Farmer v. Arabian American Oil Co.Annotate this Case
379 U.S. 227 (1964)
U.S. Supreme Court
Farmer v. Arabian American Oil Co., 379 U.S. 227 (1964)
Farmer v. Arabian American Oil Co.
Argued November 9-10, 1964
Decided December 14, 1964
379 U.S. 227
A doctor formerly employed by an oil company to work in Saudi Arabia sued for breach of his employment contract. The jury failed to agree, and the District Judge granted the company's motion for a directed verdict. Costs of more than $6,600 were taxed against the doctor, including transportation expenses of witnesses from Arabia and daily transcripts requested by company counsel. The Court of Appeals reversed, on the ground that a verdict should not have been directed, and remanded for a new trial. On remand, the case was dismissed because of the doctor's inability to post a $6,000 bond as security for costs. The Court of Appeals again reversed, and indicated that the costs already taxed were exorbitant. At a second trial, the jury found for the company. The clerk taxed costs at almost $12,000 for the two trials, which the second District Judge reduced by over 90%, eliminating the expenses of the overseas witnesses and the cost of the daily transcripts. The Court of Appeals upheld the costs for the second trial, but reversed as to costs for the first trial, although reducing the amount, holding that the second judge failed to give proper deference to the first judge's taxation of costs.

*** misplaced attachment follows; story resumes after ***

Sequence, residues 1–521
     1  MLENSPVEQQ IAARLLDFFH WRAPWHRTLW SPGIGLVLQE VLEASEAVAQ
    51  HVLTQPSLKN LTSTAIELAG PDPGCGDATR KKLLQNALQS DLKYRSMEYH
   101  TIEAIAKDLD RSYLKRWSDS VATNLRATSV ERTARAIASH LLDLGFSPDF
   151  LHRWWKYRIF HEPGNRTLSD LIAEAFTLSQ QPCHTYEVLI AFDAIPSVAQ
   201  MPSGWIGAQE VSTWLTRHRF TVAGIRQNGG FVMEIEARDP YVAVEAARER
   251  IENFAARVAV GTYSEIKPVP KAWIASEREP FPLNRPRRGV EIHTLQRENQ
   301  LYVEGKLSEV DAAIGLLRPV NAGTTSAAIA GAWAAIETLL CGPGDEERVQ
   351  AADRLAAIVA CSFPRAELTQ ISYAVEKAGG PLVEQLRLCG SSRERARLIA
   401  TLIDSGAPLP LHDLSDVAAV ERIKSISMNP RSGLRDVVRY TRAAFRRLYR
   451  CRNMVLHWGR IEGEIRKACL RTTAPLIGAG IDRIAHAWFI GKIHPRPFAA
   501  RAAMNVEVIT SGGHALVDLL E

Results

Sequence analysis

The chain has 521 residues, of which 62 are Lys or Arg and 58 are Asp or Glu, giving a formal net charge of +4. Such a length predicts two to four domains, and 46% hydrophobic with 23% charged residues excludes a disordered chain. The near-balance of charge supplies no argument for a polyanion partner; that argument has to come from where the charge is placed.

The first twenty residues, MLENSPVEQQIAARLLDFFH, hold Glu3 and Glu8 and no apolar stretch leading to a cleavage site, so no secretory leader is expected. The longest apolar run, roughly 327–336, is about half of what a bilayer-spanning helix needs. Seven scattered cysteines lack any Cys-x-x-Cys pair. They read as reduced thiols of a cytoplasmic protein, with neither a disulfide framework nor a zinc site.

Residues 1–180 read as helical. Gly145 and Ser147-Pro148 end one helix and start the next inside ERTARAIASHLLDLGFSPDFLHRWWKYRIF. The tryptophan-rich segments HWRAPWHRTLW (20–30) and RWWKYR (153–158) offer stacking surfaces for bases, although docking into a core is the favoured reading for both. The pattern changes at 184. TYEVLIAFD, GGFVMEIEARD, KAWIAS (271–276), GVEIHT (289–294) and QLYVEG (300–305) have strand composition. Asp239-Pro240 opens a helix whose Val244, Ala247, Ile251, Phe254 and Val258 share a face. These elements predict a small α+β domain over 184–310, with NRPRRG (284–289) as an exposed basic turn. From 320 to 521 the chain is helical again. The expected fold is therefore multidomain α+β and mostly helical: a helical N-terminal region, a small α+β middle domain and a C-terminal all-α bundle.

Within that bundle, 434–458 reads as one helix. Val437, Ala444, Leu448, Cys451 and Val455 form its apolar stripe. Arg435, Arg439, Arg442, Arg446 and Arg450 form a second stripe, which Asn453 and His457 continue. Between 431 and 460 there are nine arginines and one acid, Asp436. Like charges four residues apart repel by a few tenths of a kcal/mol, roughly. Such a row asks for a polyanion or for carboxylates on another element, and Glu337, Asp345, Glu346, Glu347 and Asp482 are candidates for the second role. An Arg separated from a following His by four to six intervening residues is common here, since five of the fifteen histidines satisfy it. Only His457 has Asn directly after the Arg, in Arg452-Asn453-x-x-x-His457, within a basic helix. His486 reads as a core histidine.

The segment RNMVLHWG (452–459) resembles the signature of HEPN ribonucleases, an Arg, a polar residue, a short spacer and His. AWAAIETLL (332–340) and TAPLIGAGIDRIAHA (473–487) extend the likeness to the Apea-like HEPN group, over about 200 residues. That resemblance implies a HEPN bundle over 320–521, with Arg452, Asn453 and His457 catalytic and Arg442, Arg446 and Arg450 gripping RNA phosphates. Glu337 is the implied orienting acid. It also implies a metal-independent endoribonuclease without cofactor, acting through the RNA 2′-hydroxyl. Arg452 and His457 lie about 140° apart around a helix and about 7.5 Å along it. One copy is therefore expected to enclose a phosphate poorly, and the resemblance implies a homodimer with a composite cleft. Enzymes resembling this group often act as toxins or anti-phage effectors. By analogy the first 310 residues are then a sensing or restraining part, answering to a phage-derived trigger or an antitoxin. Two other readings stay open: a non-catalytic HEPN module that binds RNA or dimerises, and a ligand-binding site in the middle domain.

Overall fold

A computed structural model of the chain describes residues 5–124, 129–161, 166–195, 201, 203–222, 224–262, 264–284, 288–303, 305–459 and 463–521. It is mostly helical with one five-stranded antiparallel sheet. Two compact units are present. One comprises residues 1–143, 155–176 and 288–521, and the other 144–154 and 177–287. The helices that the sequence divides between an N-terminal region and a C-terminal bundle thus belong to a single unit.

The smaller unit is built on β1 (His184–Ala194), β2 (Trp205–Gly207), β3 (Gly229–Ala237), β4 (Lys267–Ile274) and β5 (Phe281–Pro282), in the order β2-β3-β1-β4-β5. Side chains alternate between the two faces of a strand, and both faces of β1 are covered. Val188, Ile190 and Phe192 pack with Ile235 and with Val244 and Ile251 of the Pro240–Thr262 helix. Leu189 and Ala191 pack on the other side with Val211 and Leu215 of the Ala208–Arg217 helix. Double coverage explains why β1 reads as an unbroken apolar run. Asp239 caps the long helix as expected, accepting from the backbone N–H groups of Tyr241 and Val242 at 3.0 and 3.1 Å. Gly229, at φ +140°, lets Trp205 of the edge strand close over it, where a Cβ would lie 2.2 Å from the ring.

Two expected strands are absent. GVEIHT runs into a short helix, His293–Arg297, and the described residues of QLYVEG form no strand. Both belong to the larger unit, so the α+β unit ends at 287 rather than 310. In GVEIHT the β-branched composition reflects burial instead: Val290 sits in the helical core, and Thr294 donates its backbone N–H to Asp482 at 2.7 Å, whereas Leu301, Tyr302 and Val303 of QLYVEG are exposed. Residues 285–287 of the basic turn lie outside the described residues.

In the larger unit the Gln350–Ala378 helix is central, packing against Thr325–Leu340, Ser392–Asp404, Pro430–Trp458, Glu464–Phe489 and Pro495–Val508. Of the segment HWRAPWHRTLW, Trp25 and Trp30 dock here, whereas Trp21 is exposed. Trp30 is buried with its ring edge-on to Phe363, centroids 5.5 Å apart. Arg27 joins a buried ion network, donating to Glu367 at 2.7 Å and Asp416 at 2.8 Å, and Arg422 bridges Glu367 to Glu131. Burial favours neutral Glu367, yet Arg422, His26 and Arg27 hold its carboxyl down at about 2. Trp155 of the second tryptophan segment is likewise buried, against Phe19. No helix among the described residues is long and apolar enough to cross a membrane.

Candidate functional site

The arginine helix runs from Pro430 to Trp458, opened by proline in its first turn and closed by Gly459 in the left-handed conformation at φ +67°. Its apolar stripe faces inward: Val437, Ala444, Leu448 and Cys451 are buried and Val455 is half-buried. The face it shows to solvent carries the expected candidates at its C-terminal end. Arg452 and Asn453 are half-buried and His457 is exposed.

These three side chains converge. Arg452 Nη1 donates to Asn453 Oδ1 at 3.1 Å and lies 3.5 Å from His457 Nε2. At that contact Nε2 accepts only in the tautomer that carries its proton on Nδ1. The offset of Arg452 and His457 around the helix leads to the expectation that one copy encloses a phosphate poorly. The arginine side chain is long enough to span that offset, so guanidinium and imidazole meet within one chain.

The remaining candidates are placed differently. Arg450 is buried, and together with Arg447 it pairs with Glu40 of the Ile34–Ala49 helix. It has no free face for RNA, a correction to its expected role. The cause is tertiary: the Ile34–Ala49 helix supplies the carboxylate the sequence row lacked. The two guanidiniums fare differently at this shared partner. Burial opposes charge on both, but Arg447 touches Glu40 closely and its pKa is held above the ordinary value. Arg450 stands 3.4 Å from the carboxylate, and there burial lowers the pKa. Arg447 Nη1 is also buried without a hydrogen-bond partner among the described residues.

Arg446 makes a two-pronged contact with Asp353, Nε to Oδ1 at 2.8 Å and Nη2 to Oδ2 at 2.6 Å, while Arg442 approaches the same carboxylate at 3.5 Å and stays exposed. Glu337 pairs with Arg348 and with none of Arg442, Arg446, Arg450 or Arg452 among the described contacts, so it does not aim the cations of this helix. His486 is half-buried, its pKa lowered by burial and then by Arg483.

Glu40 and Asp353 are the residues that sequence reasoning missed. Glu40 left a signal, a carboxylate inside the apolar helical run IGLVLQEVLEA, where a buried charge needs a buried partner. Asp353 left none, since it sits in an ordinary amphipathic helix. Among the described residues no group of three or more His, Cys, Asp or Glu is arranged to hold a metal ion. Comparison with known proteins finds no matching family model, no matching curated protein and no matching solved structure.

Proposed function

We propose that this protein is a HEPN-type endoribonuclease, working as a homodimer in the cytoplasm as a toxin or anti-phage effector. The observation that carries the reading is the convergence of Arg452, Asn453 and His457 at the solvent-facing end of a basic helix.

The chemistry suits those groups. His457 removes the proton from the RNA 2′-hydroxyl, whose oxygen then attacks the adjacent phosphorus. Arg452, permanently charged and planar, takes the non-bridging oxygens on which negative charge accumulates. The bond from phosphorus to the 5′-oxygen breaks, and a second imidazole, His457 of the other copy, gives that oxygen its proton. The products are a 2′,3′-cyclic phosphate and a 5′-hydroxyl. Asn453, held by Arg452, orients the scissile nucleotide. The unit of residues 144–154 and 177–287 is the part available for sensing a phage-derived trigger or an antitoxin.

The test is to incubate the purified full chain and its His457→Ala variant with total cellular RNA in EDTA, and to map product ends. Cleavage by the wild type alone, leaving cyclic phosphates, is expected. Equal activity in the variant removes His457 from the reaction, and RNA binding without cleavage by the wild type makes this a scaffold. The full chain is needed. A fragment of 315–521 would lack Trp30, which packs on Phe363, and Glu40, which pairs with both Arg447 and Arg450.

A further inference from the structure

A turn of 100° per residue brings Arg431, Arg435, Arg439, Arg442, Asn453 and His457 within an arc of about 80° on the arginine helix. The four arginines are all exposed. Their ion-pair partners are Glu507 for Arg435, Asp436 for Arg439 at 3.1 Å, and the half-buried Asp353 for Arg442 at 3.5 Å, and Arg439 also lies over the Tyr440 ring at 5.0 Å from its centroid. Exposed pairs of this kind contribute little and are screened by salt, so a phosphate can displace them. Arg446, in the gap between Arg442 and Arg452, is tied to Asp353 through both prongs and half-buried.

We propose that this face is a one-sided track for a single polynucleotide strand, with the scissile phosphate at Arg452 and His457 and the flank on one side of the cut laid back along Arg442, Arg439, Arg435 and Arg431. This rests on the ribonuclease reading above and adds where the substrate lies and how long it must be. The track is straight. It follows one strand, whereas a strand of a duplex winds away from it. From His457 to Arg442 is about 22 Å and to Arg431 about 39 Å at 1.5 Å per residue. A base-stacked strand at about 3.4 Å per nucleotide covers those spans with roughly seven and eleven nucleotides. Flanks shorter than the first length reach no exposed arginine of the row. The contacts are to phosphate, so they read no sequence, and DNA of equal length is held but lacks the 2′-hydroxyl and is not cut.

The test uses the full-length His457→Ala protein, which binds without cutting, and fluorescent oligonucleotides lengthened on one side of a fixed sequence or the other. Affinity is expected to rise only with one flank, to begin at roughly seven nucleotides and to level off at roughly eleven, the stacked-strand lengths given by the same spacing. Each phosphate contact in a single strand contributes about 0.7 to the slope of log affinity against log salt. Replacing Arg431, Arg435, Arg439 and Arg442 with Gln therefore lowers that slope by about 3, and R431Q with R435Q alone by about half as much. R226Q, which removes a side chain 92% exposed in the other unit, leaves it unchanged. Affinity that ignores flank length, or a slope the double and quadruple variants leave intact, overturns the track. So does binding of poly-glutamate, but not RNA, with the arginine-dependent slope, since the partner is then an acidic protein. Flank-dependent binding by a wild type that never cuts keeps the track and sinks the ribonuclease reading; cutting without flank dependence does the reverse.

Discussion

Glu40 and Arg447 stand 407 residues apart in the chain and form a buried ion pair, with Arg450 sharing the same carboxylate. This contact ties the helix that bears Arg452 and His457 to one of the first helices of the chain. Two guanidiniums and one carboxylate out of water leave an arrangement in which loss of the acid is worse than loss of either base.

1. The 100-mile subpoena provision in Rule 45(e) of the Federal Rules of Civil Procedure does not completely bar a district court from taxing as costs expenses of transporting witnesses more than 100 miles, for Rule 54(d) does leave the district court discretion to tax such expenses. Pp. 379 U. S. 231-232.
2. It was not error for the District Judge at the end of the second trial when judgment was finally entered, to determine costs for both trials, the first judgment and taxation of costs having been upset by the reversal of the trial judgment. Pp. 379 U. S. 232-233.
3. The District Judge's discretion was appropriately exercised in his taxation of costs for both trials. Pp. 379 U. S. 233-236.
324 F.2d 359, reversed.
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